2. I don’t bake often, but, I do keep a couple of pods in a jar of sugar. It flavors the sugar until I need them. The bonus is vanilla flavoured sugar for making pancakes or waffles. 😉

  3. I learned this recently and IT WORKS ! If you have a problem with tiny critters getting into your flours, try this. Store your bags of flour in zip lock bags and put 3-5 bay leaves in the bottom of the bag. The little critters HATE the smell of bay and won’t go near your flour.

    1. A few weeks ago I opened a sealed tin of Hungarian Hot Paprika, only to find it full of tiny hard-shell beetles of the type one can find in old flour, grains, etc. The eggs have to be in the food to begin with—and if you store it past as point, they hatch. But if the bay leaves prevent the eggs from hatching; that’s reallygood to know.

  4. My husband discovered slicing aged cheddar with a veggie peeler keeps it from crumbling like it does if we use our Swedish slicer.

  5. Peel ginger with the side of a spoon.
    Peel whole garlic cloves by banging them hard inside a lidded jar.
    Ginger and garlic cloves stay fresh very long if immersed in white wine. The resulting flavored wines are excellent for cooking. Sweetened, the ginger flavored wine is very refreshing.
    Pie cooling racks work well to char or roast several peppers atop a gas flame.

  6. A finely serrated knife is the perfect tool for removing the charred peel off roasted peppers.
    A hardware-store soldering torch allows re-touching the indentations of the peppers the range’s gas flame does not get to. It is also a better tool than the broiler to brown or caramelize the tops of anything under control; from flans to baked squashes, to cheesy casseroles.

  7. Do you have a good recipe for lemon Passover cookies?
    I love your recipes- always interesting and the photos make them so easy to follow.

  8. If you use hamburger frequently, buy in 3-5 pound package. Cook all at once, drain off fat and freeze in freezer bags. 2 2/3 cup cooked hamburger =1 pound.

  9. For a casual weeknight dinner, I use bowls that I’ll serve dinner in as prep bowls. If I’m making a soup or veggie chili, I’ll throw cut veggies in one, a spice mix in another, and so on. Then give the bowls a quick rinse and ladle in the finished product for service. Saves a fair amount of dishes! (obviously, this would not be safe to try with raw meat or eggs!)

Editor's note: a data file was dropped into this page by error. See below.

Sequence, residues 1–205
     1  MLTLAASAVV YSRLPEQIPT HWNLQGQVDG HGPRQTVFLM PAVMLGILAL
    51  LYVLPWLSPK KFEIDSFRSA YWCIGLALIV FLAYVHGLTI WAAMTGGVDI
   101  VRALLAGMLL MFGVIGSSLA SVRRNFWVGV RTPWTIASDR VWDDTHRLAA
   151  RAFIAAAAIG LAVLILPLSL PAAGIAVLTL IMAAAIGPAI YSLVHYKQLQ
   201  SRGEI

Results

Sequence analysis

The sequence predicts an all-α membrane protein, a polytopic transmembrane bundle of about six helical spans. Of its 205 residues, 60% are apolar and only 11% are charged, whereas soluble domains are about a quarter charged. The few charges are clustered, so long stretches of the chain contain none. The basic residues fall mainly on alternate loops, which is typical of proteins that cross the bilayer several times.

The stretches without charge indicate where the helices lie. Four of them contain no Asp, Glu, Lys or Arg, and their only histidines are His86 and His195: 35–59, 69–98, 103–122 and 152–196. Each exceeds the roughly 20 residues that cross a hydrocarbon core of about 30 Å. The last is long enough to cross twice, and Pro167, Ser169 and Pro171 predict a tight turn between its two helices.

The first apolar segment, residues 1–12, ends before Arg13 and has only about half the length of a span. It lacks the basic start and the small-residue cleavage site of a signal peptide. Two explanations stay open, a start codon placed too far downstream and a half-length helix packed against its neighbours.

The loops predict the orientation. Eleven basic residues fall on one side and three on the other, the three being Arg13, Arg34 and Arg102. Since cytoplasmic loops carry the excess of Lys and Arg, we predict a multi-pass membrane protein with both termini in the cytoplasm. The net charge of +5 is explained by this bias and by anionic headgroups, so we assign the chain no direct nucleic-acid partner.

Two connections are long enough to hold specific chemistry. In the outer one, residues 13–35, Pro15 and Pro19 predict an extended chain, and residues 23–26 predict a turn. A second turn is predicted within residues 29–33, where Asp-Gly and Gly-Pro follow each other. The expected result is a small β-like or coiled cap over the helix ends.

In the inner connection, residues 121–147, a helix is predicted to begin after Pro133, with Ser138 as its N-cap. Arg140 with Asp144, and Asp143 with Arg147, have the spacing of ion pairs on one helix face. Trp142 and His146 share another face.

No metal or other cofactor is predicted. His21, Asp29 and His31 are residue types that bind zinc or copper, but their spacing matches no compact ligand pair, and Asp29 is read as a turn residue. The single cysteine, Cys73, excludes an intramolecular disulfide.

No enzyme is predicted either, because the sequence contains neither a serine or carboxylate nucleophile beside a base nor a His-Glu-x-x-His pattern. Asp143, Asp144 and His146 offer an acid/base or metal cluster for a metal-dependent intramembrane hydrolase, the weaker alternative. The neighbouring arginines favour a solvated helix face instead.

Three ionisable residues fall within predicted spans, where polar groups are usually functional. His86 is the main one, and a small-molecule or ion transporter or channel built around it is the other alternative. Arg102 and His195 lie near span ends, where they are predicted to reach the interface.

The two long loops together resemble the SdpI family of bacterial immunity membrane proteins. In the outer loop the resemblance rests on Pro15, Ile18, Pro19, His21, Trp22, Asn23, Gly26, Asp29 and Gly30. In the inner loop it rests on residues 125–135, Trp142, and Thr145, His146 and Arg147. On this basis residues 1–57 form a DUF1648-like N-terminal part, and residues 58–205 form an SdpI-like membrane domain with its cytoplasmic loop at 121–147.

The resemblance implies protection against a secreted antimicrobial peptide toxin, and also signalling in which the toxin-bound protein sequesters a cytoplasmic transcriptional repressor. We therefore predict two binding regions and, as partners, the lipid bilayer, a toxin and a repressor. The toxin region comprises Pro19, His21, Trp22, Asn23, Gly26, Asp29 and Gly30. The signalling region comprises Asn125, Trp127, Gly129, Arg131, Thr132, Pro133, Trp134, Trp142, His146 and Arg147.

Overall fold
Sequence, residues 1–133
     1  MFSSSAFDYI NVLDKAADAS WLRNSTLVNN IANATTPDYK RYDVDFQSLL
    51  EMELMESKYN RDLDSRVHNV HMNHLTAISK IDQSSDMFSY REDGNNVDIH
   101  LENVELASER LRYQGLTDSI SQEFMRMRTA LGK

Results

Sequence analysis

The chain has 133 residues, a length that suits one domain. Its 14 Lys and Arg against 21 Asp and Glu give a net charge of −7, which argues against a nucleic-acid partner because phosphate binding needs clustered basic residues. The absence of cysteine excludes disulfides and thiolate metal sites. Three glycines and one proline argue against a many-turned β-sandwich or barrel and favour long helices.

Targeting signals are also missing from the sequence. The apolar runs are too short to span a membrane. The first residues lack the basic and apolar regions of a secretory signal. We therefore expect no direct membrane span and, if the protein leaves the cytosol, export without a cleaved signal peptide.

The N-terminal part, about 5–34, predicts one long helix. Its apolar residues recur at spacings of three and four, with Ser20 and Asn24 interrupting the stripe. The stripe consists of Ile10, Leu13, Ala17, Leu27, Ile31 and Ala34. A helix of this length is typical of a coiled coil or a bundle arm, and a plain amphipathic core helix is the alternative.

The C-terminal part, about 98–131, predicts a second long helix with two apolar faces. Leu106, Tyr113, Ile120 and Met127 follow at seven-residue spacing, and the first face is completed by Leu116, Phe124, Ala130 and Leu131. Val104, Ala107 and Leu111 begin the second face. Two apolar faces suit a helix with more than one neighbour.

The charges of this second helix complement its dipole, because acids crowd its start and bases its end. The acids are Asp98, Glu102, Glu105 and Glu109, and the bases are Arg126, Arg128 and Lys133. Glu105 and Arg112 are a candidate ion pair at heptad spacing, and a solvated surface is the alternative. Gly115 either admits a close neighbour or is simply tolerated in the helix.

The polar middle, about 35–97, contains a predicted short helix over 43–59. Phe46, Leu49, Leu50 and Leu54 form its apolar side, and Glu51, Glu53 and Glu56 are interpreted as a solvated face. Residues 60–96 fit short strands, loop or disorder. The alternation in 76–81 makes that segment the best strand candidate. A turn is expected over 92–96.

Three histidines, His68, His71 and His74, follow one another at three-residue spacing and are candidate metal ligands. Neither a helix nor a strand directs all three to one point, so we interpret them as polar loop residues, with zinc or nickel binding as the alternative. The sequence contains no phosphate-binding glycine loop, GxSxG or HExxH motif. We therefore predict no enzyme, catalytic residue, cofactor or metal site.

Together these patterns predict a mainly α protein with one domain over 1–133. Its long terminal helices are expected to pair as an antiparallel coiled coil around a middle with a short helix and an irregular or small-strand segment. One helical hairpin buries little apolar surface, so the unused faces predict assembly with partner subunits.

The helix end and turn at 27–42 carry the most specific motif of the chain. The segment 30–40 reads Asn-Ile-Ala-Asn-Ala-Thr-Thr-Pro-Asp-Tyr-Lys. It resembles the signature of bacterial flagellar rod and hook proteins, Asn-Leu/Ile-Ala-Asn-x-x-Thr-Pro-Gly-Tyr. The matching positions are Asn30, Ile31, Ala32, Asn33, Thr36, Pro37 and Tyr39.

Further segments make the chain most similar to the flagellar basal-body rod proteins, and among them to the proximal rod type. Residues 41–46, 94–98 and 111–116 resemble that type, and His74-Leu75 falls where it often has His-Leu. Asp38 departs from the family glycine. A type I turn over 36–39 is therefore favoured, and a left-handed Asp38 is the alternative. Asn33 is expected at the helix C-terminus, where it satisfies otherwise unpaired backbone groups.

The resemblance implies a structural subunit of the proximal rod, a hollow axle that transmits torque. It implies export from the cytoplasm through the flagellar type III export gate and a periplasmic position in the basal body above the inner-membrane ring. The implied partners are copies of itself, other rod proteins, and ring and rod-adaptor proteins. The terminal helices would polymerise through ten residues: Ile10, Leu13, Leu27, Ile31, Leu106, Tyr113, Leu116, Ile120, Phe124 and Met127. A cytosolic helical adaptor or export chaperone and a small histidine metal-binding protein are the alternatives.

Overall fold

10. To make Greek yogurt I put the yogurt into a paper coffee filter which is sitting in a funnel which is sitting over a glass or cup. Empty the glass frequently as the liquid continues to fall out. I put it in the fridge overnight and the next day it is ready to eat.

  11. Years ago when taking a cake decorating class, my teacher shared what she called her “Magic Mix”. Instead of the old way of preparing your cake pans with a coating of shortning, then dusting with flower, this stuff is one simple step and it leaves no dry, flaky residue on your cake. It is FABULOUS!
    Magic Mix
    Combine equal parts of shortning, vegetable oil and flour. I generally make it using one cup of each. I store it in a plastic container in my cupboard. I cut a hole in the middle of the lid and leave my pastry brush in the Magic Mix all the time. It is one of my BEST tips for the kitchen. This will last for months without going rancid. I promise, you will love the result. My grand kids love to help me in the kitchen and they especially love “painting the pans” when we make cakes and muffins.

  12. I prepare cake pans with butter and then dust with dried commercial plain bread crumbs instead of flour. There is never any discoloring residue even on chocolate cake and the cakes release wonderfully. The bread crumbs completely disappear into the cake.

  13. I usually purchase 25 lb bag of flour. I put the flour in a bunch of Freezer Bags and then freeze them. The flour stays fresh and it does not freeze solid. Just take a bag or two out the night before so it gets to room temperature. Been doing this for years.